Matt Robinson profile picture Matt Robinson 2 months ago 56
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It's Official: Mazda Will Bring Back Rotary Engines In 2020 As Range Extenders

Mazda has at last confirmed that it's working on a new rotary engine, which will be used as a range-extended in a future EV

Remind me later
The last time Mazda produce a Rotary engine, it powered the RX-8 sports car
The last time Mazda produce a Rotary engine, it powered the RX-8 sports car

With various Mazda execs touting a return of rotary tech for the last few years, the company itself has finally given us confirmation. At the Paris Motor Show, the Japanese company announced that its first-ever EV - set for a 2020 launch - will be available with a “small, lightweight and exceptionally quiet rotary engine as a range-extender.”

Rotary engines are compact yet able to produce impressive power outputs, making them ideal range-extenders, Mazda reckons its new one will even be able to run on liquefied petroleum gas if required.

It’s perhaps not the rotary return lovers of the RX-7 and RX-8 might have wanted, but as has been pointed out by Mazda personnel before, this new project keeps Wankel technology alive and makes it much cleaner-burning than before. This increases the likelihood of a rotary-powered ‘RX-9’ happening. It still seems like a remote possibility, but it’s a possibility nonetheless.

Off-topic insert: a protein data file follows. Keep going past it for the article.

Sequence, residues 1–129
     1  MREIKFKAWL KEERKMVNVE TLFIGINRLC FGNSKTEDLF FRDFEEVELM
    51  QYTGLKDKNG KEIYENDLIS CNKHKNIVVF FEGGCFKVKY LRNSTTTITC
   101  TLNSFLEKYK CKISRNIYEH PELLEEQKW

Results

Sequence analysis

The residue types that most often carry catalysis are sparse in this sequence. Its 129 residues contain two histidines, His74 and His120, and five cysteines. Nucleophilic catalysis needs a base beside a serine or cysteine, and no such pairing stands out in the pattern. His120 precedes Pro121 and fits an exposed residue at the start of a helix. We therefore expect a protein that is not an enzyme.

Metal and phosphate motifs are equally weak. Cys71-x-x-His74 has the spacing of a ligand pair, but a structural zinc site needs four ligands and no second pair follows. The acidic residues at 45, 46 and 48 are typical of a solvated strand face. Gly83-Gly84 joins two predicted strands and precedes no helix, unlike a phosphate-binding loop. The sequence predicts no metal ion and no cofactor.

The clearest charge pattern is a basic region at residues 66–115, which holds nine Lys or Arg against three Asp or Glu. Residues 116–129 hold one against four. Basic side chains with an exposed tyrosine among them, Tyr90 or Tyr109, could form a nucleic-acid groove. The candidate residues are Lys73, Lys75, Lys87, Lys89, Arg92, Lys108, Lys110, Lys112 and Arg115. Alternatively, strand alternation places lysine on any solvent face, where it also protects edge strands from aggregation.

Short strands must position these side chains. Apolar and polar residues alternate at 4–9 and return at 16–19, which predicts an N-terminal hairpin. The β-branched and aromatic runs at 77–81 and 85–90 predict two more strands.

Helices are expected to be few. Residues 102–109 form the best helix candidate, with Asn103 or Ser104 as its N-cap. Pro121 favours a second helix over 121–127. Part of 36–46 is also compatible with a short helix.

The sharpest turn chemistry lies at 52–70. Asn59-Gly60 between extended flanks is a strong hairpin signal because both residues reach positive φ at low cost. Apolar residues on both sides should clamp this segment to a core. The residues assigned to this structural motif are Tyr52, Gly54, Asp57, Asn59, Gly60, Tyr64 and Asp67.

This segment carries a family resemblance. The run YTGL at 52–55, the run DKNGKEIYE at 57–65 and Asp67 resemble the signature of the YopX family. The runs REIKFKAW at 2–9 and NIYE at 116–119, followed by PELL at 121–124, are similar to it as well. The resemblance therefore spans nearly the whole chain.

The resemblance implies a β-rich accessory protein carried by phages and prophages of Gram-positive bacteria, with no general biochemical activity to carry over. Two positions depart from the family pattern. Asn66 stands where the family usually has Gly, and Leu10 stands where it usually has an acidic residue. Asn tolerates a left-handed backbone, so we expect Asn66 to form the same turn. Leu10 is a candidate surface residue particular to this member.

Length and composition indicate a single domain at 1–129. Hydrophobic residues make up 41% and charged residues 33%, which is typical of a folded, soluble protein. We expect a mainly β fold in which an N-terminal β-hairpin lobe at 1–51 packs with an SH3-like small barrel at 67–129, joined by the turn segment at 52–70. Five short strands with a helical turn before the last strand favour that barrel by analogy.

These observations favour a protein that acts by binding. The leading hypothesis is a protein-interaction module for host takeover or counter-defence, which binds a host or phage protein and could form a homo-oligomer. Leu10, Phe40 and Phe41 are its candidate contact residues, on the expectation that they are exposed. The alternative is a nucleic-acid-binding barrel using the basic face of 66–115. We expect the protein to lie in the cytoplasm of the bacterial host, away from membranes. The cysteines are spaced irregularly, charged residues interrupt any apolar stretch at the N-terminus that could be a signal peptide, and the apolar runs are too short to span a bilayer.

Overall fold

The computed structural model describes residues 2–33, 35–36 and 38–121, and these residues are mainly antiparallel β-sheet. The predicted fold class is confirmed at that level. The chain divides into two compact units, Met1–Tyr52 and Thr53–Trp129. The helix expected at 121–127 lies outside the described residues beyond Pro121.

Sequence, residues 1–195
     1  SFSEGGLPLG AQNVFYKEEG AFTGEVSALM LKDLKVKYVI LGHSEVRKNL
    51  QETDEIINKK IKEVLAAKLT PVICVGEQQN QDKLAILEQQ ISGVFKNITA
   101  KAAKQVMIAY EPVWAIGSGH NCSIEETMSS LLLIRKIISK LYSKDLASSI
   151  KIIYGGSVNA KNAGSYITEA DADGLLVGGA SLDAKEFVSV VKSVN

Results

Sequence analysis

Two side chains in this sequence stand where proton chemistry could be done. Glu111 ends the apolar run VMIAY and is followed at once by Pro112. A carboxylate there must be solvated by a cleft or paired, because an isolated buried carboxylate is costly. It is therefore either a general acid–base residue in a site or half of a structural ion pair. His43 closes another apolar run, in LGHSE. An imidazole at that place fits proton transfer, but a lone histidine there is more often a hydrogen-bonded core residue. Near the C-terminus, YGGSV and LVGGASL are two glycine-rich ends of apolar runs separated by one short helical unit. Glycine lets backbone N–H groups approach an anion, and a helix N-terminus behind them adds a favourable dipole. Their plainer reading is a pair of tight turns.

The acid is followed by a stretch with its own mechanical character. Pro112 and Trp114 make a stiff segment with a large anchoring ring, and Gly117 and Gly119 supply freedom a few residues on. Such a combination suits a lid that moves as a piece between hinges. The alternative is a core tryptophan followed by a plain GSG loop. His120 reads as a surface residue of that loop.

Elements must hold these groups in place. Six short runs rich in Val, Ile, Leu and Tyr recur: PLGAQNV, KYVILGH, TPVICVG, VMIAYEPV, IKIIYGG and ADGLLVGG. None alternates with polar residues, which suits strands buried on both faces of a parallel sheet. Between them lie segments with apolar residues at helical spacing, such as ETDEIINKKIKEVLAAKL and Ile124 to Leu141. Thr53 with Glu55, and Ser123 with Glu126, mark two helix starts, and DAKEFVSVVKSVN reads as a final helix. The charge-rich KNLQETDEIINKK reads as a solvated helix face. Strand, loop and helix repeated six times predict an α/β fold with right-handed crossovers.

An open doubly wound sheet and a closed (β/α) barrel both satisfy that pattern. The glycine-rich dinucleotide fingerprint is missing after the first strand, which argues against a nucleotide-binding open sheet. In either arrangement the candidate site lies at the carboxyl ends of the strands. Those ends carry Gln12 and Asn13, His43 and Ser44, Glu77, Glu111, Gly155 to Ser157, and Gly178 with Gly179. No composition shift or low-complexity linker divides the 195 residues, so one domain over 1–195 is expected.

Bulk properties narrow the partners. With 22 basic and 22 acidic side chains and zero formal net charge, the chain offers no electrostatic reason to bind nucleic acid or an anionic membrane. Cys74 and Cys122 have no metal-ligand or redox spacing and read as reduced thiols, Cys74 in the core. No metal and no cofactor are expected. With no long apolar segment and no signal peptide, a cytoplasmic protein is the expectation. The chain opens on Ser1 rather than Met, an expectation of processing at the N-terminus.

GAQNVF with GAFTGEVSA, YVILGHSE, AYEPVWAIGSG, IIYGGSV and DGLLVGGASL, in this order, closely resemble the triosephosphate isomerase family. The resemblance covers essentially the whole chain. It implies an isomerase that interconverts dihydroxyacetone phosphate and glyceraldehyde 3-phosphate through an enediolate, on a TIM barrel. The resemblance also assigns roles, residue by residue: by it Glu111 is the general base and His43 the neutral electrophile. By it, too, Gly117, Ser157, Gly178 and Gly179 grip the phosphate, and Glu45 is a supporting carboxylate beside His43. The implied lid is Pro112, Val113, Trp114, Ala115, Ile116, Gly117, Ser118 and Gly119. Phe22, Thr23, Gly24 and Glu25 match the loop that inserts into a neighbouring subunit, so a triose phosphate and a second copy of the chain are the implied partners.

It was hoped that 2015's RX-Vision concept would spawn an all-new rotary sports car
It was hoped that 2015's RX-Vision concept would spawn an all-new rotary sports car

It may seem like Mazda is late to the EV party, but that’s very deliberate. It has committed itself to a “right solution at the right time” strategy, citing varying electricity production methods that mean electric cars aren’t always as green as we might think. This is why the firm is - shock horror - still developing petrol engine technology, in the form of its new high-compression SkyActiv-X engine.

Mazda has even extensively redesigned the 2.0-litre naturally-aspirated SkyActiv engine in the MX-5, allowing it to rev higher and produce more power. Rotary engines, relaying electrification and persevering with N/A engines? Mazda certainly seems determined to do things differently.